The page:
Children as young as three had chores to in Colonial Times. They would weed the garden, wash dishes, and feed the chickens. When they were about four years old, boys and girls would learn to knit so they could help to make clothes.
At age six, they were given their first real pair of shoes, and expected to work both inside and out of their home.
Children played an important role in making candles and soap. Their small fingers were a big help to picking the berries that produced the wax.
Everyone in the family helped make clothes. Children would gather ingredients to make dye. Girls and women would work on the spinning wheel, and men and boys created cloth on a loom. The women would then sew the cloth into clothes for the whole family.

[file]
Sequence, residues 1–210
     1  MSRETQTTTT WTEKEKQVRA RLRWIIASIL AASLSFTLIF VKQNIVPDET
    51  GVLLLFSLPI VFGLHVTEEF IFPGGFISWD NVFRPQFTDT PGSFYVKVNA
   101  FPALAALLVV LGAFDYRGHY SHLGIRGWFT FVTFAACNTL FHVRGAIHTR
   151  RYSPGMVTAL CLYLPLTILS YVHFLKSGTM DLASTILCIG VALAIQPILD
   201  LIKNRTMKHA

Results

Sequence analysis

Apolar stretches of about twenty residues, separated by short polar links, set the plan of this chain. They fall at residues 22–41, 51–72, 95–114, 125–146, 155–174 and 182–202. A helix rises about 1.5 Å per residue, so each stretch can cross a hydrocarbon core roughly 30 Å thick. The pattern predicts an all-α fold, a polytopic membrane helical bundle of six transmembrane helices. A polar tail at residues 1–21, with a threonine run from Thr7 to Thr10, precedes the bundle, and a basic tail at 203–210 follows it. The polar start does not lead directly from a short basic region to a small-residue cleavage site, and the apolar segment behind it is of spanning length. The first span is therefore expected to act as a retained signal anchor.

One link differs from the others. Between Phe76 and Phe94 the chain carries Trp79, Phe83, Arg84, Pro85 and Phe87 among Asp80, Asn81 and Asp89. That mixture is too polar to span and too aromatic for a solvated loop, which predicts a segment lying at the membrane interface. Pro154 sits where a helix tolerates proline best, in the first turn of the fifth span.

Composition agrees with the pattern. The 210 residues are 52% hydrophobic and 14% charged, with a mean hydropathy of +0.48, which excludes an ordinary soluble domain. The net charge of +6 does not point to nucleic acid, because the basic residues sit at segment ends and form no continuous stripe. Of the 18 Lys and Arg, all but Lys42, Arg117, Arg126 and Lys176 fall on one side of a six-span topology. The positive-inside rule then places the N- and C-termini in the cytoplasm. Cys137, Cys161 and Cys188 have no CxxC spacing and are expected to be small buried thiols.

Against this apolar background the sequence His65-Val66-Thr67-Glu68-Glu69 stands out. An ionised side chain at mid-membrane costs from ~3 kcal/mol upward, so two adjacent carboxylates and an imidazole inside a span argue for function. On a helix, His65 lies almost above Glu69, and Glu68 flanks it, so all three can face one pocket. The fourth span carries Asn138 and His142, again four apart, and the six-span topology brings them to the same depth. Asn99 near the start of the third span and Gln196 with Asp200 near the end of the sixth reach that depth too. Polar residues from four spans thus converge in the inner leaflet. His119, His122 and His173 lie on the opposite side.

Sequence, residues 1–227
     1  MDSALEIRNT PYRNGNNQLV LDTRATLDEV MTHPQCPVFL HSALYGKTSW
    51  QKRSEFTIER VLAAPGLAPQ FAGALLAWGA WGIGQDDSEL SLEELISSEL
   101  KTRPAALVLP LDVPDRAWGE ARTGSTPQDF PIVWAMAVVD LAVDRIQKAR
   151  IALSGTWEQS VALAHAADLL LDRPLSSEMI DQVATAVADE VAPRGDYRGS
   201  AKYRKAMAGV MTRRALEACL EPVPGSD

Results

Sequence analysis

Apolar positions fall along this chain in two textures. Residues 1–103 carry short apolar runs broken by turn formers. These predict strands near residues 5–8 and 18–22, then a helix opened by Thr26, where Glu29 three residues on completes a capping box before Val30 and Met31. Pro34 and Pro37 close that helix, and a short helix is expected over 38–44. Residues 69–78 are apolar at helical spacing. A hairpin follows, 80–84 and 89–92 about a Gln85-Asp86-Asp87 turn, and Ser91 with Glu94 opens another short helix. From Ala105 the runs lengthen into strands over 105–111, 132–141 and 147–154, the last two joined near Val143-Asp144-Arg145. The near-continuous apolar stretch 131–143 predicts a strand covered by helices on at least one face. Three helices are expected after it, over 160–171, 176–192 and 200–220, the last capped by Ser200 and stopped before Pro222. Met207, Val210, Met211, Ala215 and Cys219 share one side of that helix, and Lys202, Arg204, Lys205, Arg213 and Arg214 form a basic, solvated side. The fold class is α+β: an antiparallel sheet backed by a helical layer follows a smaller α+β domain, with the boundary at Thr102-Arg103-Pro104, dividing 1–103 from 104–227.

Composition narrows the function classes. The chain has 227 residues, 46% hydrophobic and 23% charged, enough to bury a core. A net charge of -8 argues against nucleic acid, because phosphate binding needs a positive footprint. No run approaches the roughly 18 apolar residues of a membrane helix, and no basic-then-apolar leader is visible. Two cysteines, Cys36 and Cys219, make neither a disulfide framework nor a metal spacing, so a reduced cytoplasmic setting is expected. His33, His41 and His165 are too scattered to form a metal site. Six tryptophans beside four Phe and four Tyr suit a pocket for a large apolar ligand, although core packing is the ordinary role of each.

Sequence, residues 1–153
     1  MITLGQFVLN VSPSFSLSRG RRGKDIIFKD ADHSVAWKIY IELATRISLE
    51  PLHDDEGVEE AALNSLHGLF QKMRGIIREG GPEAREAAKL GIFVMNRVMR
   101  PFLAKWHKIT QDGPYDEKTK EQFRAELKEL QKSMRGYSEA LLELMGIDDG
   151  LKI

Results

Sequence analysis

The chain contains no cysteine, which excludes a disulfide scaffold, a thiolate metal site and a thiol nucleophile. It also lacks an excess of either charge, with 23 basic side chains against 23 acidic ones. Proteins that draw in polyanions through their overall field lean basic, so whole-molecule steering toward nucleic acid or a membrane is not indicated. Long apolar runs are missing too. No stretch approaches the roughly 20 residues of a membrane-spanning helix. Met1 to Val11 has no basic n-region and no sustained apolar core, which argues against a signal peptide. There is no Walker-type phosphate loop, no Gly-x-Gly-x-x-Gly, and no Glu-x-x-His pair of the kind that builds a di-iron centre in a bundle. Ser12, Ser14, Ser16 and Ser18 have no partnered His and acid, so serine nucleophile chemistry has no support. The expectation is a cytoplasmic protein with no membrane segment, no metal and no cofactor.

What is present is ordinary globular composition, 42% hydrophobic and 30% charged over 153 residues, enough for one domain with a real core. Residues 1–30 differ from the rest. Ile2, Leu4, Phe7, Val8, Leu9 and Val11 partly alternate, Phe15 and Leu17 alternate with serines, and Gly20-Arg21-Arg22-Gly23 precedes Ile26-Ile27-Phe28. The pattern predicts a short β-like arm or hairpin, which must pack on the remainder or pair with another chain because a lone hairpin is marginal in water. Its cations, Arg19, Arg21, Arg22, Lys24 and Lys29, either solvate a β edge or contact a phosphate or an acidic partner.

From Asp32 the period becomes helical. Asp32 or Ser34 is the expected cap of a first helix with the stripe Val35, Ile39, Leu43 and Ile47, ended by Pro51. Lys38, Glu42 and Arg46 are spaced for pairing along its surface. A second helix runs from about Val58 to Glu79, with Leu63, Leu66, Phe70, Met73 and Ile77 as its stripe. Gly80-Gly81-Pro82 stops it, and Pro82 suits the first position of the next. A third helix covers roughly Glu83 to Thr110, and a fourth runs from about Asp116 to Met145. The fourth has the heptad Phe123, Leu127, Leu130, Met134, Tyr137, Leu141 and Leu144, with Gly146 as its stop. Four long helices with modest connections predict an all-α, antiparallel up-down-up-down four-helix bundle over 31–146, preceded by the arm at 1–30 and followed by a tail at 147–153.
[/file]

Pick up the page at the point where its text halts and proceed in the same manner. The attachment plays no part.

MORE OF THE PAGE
Children in colonial times played ball. Their leather ball was stuffed with feathers. They had drums, marbles, hoops, popguns, tops and kites. Dolls were made of rags and cornhusks and there were wooden dolls that were for display and not usually meant for play.
In Colonial Williamsburg today, children in colonial costumes roll hoops, walk on stilts, or play a game of ninepins.
Boys and girls were taught that work was good for them. Most thought it was wrong to be lazy. Boys and girls worked before and after school and at night.